Schiffer Books is having its annual Author Picnic this weekend, and I’m flying out for the occasion. They’re offering a bunch of useful seminars tomorrow, and then Saturday is the picnic. So I’m in San Francisco International Airport right now, waiting for my plane to Philadelphia. From there I’ll drive to Atglen – where Schiffer is located. It’s a very rural area in the heart of Amish country – sounds like a neat place to visit. Mike, meanwhile, will be staying home to entertain the cats.
I confess that I am not particularly interested in the seminars, though they make a nice excuse to go. My main reason for going is to meet the Schiffer team that will be producing my book – editors, design and layout experts, and all the other folks who are needed to get a book from manuscript to published copy. It will be great to meet face to face with all the people I’ve been corresponding with for the last year.
I am, however, not neglecting Grace. I’ve brought the Arahweave manual and The Woven Pixel for study while I’m traveling, and hope to get a better understanding of jacquard design while I’m away. Once I get back, I’m going to put a 25-yard warp in black and cream-colored 10/2 cotton onto the loom. This will not be a project warp. I anticipate spending the next month and a half debugging the loom setup (some heddles are sticky and will need to be coaxed into full service) and developing an understanding of jacquard design, i.e. weaving samples.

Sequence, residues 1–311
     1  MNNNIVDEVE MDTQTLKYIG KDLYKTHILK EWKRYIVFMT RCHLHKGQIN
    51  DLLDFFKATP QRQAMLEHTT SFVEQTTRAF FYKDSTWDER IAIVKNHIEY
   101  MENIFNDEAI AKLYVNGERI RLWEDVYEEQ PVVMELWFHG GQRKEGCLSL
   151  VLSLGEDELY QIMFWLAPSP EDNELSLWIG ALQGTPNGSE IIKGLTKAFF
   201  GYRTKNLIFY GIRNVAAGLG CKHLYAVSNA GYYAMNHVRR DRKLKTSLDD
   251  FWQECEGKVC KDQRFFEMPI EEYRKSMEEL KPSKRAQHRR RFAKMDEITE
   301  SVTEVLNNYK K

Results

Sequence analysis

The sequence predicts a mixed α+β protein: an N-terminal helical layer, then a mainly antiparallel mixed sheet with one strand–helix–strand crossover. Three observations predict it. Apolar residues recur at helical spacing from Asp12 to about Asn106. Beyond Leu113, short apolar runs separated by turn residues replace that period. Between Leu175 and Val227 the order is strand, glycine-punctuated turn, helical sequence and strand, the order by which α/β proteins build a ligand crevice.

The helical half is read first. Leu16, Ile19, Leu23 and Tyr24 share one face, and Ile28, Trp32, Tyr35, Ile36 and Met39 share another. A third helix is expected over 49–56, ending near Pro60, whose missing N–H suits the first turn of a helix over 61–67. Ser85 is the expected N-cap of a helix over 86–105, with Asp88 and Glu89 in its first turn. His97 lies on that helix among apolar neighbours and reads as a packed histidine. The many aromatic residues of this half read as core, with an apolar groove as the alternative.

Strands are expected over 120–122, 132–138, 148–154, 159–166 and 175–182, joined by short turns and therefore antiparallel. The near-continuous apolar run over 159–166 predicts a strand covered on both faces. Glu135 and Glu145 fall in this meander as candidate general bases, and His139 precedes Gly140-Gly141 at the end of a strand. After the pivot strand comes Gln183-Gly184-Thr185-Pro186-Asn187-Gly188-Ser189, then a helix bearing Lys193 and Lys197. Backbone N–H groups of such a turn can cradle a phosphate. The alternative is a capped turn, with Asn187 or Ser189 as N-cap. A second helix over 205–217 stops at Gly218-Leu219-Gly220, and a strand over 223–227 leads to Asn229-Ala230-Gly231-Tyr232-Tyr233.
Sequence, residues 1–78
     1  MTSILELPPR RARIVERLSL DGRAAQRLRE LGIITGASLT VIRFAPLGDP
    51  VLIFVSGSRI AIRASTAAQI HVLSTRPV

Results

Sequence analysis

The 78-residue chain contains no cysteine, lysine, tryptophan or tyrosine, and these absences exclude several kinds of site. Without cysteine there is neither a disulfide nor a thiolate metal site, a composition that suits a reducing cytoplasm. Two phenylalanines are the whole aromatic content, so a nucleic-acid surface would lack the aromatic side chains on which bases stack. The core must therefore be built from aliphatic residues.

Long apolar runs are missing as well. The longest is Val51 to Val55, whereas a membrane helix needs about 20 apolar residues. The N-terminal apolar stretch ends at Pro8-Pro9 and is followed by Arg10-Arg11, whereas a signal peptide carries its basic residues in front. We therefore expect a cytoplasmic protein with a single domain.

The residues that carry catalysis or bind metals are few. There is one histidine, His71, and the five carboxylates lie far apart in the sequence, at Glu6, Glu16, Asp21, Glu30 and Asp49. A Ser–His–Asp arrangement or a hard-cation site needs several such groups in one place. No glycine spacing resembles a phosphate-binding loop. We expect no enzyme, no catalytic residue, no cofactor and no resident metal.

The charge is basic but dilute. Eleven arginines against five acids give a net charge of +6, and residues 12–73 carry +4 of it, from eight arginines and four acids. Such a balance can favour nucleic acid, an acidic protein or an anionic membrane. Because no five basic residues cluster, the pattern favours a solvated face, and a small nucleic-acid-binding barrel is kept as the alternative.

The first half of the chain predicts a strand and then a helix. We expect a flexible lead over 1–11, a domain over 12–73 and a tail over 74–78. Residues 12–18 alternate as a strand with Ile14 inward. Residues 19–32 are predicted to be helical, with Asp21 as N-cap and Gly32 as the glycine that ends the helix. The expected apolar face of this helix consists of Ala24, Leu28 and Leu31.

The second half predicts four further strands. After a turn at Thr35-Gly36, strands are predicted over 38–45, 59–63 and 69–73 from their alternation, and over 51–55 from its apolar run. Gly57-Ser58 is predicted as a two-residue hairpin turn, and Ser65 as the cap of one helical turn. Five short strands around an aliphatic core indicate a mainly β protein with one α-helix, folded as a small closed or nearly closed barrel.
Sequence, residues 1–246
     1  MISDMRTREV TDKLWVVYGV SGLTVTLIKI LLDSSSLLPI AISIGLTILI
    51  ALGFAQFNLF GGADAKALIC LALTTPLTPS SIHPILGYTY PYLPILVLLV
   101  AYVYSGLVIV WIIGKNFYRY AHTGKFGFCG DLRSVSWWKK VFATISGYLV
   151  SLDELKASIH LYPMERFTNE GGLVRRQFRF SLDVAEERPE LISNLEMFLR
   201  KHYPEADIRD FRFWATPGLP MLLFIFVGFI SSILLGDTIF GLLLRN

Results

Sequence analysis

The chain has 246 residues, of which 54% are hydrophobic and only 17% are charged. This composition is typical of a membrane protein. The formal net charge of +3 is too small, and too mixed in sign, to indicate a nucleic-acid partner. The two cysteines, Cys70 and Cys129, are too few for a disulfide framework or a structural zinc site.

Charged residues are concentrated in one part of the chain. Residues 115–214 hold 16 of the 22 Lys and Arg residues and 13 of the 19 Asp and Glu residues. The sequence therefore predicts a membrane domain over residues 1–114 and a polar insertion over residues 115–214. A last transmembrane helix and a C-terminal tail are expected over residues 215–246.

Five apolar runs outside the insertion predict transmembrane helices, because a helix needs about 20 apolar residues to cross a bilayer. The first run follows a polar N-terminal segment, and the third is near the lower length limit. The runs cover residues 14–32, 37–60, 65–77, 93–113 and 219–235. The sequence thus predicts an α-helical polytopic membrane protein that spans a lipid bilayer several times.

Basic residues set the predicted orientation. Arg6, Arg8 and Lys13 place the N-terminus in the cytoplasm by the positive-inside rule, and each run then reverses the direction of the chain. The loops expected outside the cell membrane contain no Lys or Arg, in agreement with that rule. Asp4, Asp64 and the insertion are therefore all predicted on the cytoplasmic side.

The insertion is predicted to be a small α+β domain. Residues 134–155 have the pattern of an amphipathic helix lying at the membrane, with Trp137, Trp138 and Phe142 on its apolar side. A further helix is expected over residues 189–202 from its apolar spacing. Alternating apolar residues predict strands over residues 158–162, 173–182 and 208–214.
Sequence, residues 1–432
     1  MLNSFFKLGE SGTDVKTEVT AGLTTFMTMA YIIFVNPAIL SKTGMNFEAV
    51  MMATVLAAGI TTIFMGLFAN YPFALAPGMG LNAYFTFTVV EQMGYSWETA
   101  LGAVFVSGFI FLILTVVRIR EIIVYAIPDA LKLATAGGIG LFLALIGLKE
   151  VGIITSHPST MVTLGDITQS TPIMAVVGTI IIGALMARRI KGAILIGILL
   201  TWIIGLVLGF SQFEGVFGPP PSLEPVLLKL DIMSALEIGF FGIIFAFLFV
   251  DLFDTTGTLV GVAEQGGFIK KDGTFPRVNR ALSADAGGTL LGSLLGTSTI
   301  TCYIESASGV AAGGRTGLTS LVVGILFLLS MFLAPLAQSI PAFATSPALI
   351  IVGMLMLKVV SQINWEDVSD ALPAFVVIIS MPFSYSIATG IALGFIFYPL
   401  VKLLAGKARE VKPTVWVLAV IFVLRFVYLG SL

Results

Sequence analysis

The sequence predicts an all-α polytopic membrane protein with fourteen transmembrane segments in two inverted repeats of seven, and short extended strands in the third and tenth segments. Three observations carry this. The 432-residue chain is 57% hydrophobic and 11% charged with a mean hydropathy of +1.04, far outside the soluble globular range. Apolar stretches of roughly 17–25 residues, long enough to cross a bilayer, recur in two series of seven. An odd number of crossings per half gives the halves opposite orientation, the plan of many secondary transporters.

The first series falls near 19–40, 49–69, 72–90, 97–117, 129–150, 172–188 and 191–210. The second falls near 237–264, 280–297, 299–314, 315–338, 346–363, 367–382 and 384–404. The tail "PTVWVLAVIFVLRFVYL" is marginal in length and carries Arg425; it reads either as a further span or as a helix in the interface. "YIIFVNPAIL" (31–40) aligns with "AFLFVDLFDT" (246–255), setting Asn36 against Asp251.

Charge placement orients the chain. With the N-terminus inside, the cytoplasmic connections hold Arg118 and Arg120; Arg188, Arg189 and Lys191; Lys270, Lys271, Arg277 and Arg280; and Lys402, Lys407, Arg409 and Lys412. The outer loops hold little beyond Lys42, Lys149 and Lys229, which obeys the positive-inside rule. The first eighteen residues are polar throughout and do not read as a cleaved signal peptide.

After that, of course, it will be chocolate season, and I won’t have time for weaving during chocolate season. Rather than let Grace sit idle, though, I’ve invited a weaving buddy, Pat Stewart, to guest-weave on Grace while I’m preoccupied with chocolate. Pat is a weaving genius, so I expect she’ll be exploring some very interesting things while I’m away. She’ll likely be using the same warp.
Once chocolate season is over, I’ll put on a new warp and start weaving actual projects. My plan is to start simple and weave a rendition of the SkySat-1 launch, then a photo of Grace Hopper. Both are technically simple projects. After that, I want to weave my phoenix design – perhaps incorporating real gold threads and fiber optic cable into the design, or using retro-reflective yarns, which I’ve always wanted to experiment with.
And then? The sky’s the limit. I’m looking forward to finding out exactly what a jacquard loom can do.
I hear the boarding call for my flight now, so I’ll end here. More later!